How an Autistic Child fell in Love with Swim and It Saved her Life
MVP: Ruby Stevens

By: Abby Murphy


I had the opportunity to interview our MVP Ruby Stevens through her mother Sara Stevens. Ruby is a young para synchro-swimmer and global advocate seeking to raise awareness for others in her sport of synchronized swimming. She is an amazing and inspiring young athlete from Canada. She advocates and shows the world what athletes with disabilities can do through her Facebook page Ruby’s Paralympic Journey. Ruby’s story is told here through her mother’s words.

At age 2, before she even knew how to swim, Ruby fell in love with it.
“When Ruby was just 2 years old, a neighbor, who was a synchro swimmer and coach asked if she could take Ruby to the pool and to synchro practice. It turned into a regular thing. Ruby, who couldn’t even swim at the time, loved it. She became the youngest member of the Variety Village Synchro Club.”

At age 5, Ruby began competing, but not without struggles.
“At age, 5 Ruby started competing and swam main stream for about 2 years. However, it became really evident that despite her strong figures, she could not stay in pattern and on count with the rest of the team. Since emotions and feelings are already foreign to her, making ‘pretend’ faces are even harder. Remembering the sequence of the routines, swimming in time to the music, smiling or trying to be dramatic, and making a connection with the audience or judges all at the same time, is like a juggling act with 12 balls for someone like Ruby. The coach suggested that we move her to Athletes with Disability Stream, or AWD. It was hard for her, she wanted to stay with the kids she knew on the team, swim with a team. In AWD they only swim solos. She, once again, felt she was not good enough.”

Training with autism is a little different than it is for the mainstream athlete.
“Everyone with autism is unique, but for Ruby autism comes with: anxiety, sensory processing issues, social miscommunication problems, working memory deficits, attention and distractibility issues co-ordination, and mind-body connection problems. Having supportive coaches and teammates has been her key to success.

In synchro, learning a new routine means taking it figure by figure and move by move for several weeks before moving onto the next step. Then, at each practice going over and over it again from the beginning to refresh each time. Even after a full routine has been learned she has to practice and practice at home and at the pool. Otherwise, the information gets lost without constant repetition.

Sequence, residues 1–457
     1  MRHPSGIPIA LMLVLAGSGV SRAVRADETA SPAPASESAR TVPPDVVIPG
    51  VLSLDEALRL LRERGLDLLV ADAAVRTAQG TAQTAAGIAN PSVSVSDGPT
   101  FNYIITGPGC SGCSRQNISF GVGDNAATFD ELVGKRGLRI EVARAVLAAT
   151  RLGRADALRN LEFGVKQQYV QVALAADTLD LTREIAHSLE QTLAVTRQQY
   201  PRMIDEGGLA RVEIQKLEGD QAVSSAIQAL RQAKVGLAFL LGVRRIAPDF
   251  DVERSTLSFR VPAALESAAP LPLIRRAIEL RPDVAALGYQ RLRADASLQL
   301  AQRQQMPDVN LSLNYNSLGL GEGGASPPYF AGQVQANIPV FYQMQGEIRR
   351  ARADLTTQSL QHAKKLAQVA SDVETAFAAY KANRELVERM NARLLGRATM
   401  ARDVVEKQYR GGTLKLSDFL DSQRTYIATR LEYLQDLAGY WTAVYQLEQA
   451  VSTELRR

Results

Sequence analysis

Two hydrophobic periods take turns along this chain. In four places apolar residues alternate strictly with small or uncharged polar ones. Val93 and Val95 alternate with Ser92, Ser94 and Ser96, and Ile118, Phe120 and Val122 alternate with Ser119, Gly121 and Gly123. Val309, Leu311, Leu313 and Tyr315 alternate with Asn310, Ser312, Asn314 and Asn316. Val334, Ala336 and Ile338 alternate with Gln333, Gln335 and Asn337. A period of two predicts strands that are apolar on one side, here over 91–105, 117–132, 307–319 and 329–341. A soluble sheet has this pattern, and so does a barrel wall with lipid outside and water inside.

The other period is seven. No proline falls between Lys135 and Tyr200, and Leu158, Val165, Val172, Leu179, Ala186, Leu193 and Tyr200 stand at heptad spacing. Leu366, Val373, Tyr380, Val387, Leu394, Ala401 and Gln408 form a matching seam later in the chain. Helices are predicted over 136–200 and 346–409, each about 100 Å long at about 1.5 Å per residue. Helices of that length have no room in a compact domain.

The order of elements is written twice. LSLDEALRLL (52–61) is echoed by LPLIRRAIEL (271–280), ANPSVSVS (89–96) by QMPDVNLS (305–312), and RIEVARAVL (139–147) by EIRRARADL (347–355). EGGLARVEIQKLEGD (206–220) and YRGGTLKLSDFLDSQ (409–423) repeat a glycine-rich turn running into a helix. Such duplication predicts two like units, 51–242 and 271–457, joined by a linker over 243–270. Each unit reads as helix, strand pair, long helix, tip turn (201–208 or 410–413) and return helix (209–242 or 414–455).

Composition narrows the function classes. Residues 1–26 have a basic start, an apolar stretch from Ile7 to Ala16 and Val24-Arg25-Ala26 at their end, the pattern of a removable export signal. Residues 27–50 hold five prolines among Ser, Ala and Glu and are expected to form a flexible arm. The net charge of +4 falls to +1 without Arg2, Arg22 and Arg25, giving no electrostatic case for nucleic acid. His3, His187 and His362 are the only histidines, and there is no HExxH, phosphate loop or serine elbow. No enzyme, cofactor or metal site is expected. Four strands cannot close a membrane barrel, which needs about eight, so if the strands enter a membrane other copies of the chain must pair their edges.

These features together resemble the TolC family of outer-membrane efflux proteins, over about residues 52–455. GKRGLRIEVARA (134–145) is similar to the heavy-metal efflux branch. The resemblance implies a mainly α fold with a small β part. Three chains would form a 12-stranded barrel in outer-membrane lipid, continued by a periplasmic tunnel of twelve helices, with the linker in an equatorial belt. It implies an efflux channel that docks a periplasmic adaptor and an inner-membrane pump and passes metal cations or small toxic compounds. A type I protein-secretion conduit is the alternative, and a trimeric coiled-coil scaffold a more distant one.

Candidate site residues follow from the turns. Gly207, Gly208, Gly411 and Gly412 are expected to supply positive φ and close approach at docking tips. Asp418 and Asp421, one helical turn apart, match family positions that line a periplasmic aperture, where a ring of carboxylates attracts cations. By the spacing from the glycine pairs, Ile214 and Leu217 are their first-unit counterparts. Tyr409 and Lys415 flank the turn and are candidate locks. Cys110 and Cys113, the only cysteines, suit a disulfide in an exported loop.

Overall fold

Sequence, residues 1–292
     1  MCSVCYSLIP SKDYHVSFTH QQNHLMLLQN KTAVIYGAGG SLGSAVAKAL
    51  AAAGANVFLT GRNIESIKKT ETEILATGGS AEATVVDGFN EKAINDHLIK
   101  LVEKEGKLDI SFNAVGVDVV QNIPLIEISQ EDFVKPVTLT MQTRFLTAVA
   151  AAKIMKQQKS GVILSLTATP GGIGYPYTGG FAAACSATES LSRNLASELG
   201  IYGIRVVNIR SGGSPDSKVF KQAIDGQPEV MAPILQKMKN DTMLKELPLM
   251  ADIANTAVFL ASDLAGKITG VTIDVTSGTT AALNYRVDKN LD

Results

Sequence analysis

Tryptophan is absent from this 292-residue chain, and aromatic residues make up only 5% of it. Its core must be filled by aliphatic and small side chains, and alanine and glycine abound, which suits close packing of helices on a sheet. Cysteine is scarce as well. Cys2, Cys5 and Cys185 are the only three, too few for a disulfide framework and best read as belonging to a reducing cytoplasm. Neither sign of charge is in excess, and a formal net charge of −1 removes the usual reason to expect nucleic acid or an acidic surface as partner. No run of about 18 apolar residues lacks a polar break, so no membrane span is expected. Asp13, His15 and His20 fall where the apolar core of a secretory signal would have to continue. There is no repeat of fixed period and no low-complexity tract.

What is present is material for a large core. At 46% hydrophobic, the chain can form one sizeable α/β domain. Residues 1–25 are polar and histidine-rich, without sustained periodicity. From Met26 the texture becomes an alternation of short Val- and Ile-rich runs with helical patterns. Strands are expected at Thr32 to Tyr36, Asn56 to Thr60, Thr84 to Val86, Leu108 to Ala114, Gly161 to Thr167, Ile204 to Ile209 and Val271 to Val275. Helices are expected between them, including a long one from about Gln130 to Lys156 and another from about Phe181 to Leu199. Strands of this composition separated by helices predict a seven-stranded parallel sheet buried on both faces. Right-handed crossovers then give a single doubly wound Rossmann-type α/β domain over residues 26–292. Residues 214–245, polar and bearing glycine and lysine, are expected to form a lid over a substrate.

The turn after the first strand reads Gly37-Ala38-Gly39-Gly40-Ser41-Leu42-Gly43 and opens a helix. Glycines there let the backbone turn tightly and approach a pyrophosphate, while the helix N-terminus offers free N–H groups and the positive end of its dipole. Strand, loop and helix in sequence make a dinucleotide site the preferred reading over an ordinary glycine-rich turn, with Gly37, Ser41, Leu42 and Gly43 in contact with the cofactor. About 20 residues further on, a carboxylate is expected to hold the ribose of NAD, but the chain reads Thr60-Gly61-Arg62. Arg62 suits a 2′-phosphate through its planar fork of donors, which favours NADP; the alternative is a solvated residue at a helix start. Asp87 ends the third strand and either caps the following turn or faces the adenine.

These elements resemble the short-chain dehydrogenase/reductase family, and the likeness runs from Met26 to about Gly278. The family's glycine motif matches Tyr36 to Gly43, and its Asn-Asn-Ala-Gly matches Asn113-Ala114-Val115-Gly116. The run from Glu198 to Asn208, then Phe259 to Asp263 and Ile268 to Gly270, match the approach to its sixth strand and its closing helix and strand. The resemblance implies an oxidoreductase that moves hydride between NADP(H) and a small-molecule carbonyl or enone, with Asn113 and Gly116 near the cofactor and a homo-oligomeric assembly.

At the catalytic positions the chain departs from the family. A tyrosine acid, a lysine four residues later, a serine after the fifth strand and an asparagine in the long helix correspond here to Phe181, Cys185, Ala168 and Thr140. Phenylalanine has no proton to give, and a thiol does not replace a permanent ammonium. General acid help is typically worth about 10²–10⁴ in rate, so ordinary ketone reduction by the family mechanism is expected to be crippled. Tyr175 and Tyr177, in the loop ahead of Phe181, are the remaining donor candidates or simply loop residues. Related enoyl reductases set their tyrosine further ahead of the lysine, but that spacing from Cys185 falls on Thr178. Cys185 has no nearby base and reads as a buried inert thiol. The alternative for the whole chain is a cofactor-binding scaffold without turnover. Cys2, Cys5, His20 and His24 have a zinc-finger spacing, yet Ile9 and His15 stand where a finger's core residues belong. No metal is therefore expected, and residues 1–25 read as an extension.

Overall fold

Speed swimming is a little different because there are not so many components to remember. However, like synchro, the pool deck is always loud and crowded. For someone like Ruby, this raises the anxiety and causes her brain to miss fire. She often wears noise cancelling headphones so she doesn’t have a panic attack or meltdown or even have to leave the meet entirely. Her body and mind are in constant overdrive and this is exhausting.”

Time marched on and life for Ruby was rough in and out of the pool.
“Her emotional, physical, and mental health were very unstable. At 10 years of age Ruby had a nervous breakdown, causing a major setback. Her life fell apart and she was unable to function. She was not able to attend school, swim, or do any of the activities that a young person enjoys. She was home schooled for a year and rarely left the house.

During her rough time, the one thing she ever wanted was to go to pool. That was her one safe place. The water always made her feel strong, capable, confident, and safe. I finally gave in and reluctantly let her go for short periods. It was the best medicine for her. She slowly started to get her strength, confidence, and spirit back. It took a long time for her to fully recover, but her love of swimming and her passion for athletes with disabilities has literally saved Ruby’s life.”

Ruby continues accomplishing goals and inspiring all.
“Four years later Ruby is not only thriving but has won a national championship title in AWD synchro, traveled to Taiwan and Brazil to advocate and raise awareness for herself and other AWD athletes. Now she has started to venture onto another path. Ruby has begun down the road to a national level speed swimmer…just because it looked like fun and because she had a little time on her hands.


Want to be a MVP? Click here to apply.